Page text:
‘One bag is not a sin’: Haribo pushes halal and multipack strategies to boost growth

By Pearly Neo

- Last updated on GMT

Haribo is pushing its halal and multipack strategies to drive growth amid regulatory and economic headwinds. ©Haribo
Haribo is pushing its halal and multipack strategies to drive growth amid regulatory and economic headwinds. ©Haribo

Related tags Haribo Gummies Confectionery

Gummy industry leader Haribo is pushing its halal and multipack strategies to drive growth amid regulatory and economic headwinds.

Despite its clout in the sector, the brand is facing increasing challenges arising from inflationary price hikes as well as rapidly changing regulations.

“For us inflation has hit key ingredient supplies such as gelatine and sugar, and there is overall a shortage of ingredients due to the war as well as logistics and other rising costs from various contingent issues,”​ Haribo Senior Trade Marketing Specialist Gabriele Scotti told FoodNavigator-Asia​.

“There has also been an increased in regulations regarding sugar in the mainstream domestic markets – this is a sensitive category which is very often in the spotlight, and the fact is that sugar-free or less sugar just does not work well for the gummy category.

“We have already tried to develop down this route with a 30% less-sugar product in France previously, but this did not work because consumers responded that it just tastes different, and with gummies being part of the indulgence and enjoyment category people just do not want to think about the sugar and calories when eating these.

“There are other ways of looking at this innovation, such as with vegetarian products – but again for gummies it doesn’t work well because using vegetarian gelatine just causes the gummies to lose their fluff and become another product entirely.”

In response to these ongoing challenges, Haribo is looking to focus on multipack product development, which would involve the production and promotion of retail packs that contain multiple mini packets of Haribo gummies based on certain themes.

“Multipacks mean that consumers can have more choice with each purchase and are also able to share the consumption experience with others, which is a big draw especially for occasions that involve gatherings or when travelling,”​ he said.

“It is not only more value for money but also enables the satisfaction of multiple different tastes and formats with one pack, from sour to cola and from bears to worms – it’s all about the variety.

“There is another aspect to this being that these mini multipacks allow for better portion control as well, which ties in with the theme of consumers still being able to eat their favourite gummies with great taste yet easily able to control the amount of treats at the same time, knowing that one bag is not a sin.”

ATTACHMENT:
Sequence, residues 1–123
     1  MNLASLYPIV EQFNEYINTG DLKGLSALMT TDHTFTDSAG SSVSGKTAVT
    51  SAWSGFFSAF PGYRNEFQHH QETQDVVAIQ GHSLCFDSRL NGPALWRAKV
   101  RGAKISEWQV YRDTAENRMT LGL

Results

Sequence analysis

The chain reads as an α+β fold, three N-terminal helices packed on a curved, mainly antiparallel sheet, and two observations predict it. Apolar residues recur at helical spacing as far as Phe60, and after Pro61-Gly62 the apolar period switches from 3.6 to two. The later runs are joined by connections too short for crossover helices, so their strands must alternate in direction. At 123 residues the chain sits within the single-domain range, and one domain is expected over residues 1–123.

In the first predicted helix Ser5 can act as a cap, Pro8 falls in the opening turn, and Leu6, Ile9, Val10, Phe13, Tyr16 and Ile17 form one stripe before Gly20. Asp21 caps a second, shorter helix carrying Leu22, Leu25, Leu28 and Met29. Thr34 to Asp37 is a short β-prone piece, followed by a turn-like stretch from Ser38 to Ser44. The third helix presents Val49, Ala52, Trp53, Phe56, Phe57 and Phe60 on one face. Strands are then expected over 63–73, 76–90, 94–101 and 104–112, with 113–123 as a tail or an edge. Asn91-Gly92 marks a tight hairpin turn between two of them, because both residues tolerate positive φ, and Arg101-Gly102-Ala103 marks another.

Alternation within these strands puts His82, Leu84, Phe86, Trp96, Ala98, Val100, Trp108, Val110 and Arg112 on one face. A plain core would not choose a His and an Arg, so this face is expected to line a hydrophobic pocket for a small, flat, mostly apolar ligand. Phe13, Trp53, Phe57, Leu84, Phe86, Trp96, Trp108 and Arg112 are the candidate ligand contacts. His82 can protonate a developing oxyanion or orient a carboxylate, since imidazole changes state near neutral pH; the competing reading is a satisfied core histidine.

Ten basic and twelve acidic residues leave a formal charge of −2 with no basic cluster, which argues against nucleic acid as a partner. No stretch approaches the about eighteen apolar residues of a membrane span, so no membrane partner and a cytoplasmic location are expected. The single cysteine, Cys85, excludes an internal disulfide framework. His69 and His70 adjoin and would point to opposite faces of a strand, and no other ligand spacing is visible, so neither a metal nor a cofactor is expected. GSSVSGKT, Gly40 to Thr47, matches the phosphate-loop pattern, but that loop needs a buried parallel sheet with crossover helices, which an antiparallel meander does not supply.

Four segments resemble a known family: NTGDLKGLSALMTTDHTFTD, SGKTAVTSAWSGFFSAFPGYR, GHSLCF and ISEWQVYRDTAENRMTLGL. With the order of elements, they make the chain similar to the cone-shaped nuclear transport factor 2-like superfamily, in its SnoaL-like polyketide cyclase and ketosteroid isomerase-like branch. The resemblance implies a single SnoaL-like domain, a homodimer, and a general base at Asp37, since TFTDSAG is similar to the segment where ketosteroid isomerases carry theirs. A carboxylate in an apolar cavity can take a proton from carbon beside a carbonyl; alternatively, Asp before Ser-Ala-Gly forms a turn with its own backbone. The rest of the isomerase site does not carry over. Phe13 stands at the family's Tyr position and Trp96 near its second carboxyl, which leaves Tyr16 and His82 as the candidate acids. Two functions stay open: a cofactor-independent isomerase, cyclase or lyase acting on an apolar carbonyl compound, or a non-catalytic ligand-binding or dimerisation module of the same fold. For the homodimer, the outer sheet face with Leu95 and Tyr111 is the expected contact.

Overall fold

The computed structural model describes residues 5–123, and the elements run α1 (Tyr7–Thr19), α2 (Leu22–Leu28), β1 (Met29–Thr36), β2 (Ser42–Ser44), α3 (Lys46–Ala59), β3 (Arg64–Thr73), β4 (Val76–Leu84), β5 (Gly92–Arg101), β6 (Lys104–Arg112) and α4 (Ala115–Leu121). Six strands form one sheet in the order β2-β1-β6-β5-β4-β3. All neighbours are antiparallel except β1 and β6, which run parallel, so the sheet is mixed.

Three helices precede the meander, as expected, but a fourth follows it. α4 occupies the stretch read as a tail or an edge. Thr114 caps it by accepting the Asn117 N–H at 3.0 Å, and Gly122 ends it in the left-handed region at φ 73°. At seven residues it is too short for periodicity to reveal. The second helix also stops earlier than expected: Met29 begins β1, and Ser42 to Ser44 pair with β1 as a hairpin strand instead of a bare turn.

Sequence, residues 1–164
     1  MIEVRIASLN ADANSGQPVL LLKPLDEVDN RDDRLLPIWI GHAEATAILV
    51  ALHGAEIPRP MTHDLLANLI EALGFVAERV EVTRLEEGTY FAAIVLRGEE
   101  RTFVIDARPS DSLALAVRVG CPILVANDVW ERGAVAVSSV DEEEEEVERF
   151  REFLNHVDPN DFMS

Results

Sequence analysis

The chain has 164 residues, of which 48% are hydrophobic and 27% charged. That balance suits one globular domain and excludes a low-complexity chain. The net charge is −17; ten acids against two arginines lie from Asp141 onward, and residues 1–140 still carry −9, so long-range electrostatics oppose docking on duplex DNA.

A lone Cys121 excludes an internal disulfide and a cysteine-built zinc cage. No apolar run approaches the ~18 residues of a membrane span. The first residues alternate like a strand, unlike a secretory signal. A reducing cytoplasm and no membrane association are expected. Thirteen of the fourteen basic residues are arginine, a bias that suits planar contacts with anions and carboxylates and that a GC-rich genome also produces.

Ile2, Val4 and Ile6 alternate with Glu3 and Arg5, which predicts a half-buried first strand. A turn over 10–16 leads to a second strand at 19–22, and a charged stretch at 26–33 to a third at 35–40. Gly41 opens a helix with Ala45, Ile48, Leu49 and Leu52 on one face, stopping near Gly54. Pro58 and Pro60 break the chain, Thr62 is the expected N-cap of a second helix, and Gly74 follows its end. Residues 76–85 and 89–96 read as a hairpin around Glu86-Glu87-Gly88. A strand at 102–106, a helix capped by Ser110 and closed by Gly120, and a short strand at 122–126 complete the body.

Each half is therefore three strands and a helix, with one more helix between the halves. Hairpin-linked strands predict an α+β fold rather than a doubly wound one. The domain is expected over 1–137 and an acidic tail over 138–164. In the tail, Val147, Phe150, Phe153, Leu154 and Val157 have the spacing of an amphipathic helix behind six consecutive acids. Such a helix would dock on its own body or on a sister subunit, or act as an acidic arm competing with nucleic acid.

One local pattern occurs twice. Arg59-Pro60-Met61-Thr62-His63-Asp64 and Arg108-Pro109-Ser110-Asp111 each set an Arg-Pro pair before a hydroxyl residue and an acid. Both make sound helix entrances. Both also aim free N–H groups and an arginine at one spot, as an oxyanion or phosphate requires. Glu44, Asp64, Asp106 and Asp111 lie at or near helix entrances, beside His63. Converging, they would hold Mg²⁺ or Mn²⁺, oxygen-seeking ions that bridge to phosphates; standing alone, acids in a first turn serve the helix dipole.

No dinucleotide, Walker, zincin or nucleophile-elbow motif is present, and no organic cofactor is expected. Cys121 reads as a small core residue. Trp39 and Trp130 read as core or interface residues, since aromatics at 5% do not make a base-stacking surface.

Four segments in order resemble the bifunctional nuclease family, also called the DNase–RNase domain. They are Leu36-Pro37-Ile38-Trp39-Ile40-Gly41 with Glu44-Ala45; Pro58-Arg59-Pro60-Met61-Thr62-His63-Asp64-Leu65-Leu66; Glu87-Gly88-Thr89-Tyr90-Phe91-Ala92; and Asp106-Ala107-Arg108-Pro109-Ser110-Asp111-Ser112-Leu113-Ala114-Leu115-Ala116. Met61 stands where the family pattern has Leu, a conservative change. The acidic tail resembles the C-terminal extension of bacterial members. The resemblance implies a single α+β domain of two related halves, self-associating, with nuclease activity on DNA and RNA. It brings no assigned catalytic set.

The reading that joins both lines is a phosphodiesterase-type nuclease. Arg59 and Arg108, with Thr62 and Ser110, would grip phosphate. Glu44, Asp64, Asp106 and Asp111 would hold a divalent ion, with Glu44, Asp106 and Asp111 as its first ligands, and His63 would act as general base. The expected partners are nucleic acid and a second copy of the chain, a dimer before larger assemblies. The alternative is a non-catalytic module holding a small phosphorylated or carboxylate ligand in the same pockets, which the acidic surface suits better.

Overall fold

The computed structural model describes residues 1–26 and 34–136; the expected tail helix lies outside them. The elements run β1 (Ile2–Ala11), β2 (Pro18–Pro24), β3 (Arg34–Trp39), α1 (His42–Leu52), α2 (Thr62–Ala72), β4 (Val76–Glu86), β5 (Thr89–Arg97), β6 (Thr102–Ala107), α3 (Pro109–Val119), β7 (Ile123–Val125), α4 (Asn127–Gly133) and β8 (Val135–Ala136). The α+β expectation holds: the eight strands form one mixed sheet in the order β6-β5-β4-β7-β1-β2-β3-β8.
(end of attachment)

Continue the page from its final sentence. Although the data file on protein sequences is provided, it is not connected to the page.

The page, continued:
The other route by which Haribo is looking to boost growth is by further penetration into halal-focused markets, calling for innovation to switch from pork to beef gelatine in its products for these markets.

“The halal market is becoming increasingly important to us especially in Asia and the Middle East, and the way we are working here is to use beef gelatine which can still provide the same gummy texture,”​ he added.

“We have developed halal multipacks as well which are doing well and certainly will be focusing on making more variants from our large portfolio available to this consumer group.”

Gummy innovation – harder than expected

Although Haribo has developed an enormous range of products over the past century since its 1920 inception, gummy innovation is actually more complicated than that of other confectionery products due to the involvement of gelatine.

“Pork gelatine has always been our go-to as it is the softest, but there is still a lot of research that goes into adapting this to make different textures and flavours for the different varieties,”​ he said.

“This product development is already more complicated than regular candy development, and when it comes to meeting multiple consumer needs such as using beef for halal variants, there is another level of R&D that is needed.

“Then there is also the consideration for other markets as well, such as for consumers in India who don’t consume beef – which basically means that a lot of work is needed for product diversification, and this limits global assortments to some degree.”

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